Large Shocks and Small Changes in the Marriage Market for Famine Born Cohorts in China

Source: RePEc


Between 1958 and 1961, China experienced one of its worst famines in history. Birth rates plummeted during these years, but recovered immediately afterwards. The famine-born cohorts were relatively scarce in the marriage and labor markets. The famine also adversely affected the health of these cohorts. This paper decomposes these two effects on the marital outcomes of the famine-born and adjacent cohorts in the rural areas of two hard hit provinces, Sichuan and Anhui. Individuals born pre and post-famine, who were in surplus relative to their customary spouses, were able to marry. Using the Choo Siow model of marriage matching, the paper shows that the famine substantially reduced the marital attractiveness of the famine born cohort. The modest decline in educational attainment of the famine born cohort does not explain the change in spousal quality of that cohort. Thus, the famine-born cohort, who were relatively scarce compared with their customary spouses, did not have significant above average marriage rates.


Available from: Loren Brandt
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    • "Choo and Siow [4] proposed such a marriage matching function using a transferable utility model of the marriage market. This model has been used to study the effects of the legalization of abortion on marital behavior in the United States (Choo-Siow [4]), the decomposition of marital behavior of famine born cohorts in China into quantity versus quality effects (Brandt, Siow and Vogel [2]), changes in marital matching in the United States in recent decades (Chiappori, Selanie and Weiss, [3]), and to test Becker's model of positive assortative matching (Siow [13]). Siow [15] surveys other applications. "
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    ABSTRACT: In a transferable utility context, Choo and Siow (2006) introduced a competitive model of the marriage market, and derived its equilibrium output, a marriage matching function. The marriage matching function denes the gains generated by a marriage between agents of prescribed types in terms of the observed frequency of such marriages within the population, relative to the number of unmarried individuals of the same types. Left open in their work is the question of whether, for a given population whose frequency of types is known, this gains data captures all of the statistical information used to dene it. Equivalently, it is not known whether the Choo-Siow model of the marriage market admits a unique equilibrium. We resolve this question in the armative, assuming the norm of the gains matrix (viewed as an operator) to be less than two. The analytical diculty of showing uniqueness of positive roots of polyno- mial systems has generated a growing literature that provides numerical techniques for tackling such problems. Our method adapts a strategy called the continuity method, more commonly used to solve elliptic par- tial dierential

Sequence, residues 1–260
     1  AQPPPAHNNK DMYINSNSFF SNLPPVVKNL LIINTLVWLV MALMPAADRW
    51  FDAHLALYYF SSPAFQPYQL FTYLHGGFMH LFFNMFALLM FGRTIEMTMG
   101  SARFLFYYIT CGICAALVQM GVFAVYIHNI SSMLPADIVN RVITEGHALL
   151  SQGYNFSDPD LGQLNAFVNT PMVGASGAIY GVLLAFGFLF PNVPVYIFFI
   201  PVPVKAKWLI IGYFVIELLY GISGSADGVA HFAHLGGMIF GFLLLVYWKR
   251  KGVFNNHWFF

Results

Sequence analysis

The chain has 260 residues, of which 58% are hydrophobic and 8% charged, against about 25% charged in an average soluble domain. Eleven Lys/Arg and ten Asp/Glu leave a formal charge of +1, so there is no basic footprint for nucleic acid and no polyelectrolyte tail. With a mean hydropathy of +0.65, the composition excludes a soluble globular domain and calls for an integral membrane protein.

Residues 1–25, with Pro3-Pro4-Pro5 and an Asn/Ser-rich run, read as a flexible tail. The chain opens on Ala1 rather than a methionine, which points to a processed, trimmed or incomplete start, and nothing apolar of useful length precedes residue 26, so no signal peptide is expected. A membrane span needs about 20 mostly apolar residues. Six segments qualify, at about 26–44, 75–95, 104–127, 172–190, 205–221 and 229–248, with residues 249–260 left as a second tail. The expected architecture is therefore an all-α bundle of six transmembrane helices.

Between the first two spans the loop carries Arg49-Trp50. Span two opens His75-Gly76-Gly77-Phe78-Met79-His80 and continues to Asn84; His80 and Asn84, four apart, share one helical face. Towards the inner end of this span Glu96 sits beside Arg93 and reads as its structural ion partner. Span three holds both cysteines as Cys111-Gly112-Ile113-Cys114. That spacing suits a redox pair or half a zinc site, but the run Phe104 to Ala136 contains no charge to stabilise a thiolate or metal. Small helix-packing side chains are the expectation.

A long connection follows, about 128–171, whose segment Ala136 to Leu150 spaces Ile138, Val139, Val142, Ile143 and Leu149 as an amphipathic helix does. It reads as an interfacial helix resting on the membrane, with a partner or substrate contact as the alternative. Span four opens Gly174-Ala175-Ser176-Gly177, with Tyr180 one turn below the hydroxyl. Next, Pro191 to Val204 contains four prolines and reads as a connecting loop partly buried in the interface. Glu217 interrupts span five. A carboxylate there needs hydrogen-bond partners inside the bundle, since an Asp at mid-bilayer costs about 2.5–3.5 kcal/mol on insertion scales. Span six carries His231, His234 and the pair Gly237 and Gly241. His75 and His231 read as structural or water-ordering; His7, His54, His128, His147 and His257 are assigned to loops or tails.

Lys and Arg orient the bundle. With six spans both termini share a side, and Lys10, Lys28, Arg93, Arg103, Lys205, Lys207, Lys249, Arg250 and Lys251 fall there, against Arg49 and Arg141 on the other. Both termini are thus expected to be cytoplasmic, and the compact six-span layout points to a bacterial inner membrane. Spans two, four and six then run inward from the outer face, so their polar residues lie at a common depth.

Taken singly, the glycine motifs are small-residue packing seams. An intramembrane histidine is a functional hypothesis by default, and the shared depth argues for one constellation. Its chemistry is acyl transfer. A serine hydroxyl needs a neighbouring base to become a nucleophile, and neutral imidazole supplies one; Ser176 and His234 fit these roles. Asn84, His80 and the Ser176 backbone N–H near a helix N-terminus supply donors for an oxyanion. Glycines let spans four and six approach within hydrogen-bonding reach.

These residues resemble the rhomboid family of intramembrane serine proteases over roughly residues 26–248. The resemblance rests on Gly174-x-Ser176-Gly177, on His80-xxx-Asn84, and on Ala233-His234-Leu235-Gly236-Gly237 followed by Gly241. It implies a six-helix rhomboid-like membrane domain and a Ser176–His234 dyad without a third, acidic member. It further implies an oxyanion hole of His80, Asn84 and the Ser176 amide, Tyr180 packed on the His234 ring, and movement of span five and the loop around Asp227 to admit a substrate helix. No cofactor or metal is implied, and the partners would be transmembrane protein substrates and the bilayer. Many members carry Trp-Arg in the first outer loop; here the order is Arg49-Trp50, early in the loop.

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    X Meng · N. Qian ·

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    ABSTRACT: The paper surveys the Choo and Siow (2006a; CS) marriage matching model and its extensions. CS derives a behavioural marriage-matching function. The collective model of intra-household allocations can be integrated into this framework. Spousal labour supplies respond to changing marriage market conditions. Marriage market tightness, the ratio of unmarried type i men to unmarried type j women is a sufficient statistic for marriage market conditions for those types of individuals. The hypothesis that spousal labour supplies vary to equilibrate the marriage market has overidentifying restrictions. The framework extends to a dynamic marriage-matching environment. Empirically, this paper shows how the famine caused by the great leap forward in Sichuan affected the marital behaviour of famine-born cohorts. Marriage market tightness is shown to be a useful statistic for summarizing marriage market conditions in the United States. Marriage market conditions in the contemporary United States primarily affect spousal labour force participation rather than hours of work.
    Canadian Journal of Economics/Revue Canadienne d`Economique 02/2008; 41(4):1121-1155. DOI:10.1111/j.1540-5982.2008.00498.x · 0.61 Impact Factor
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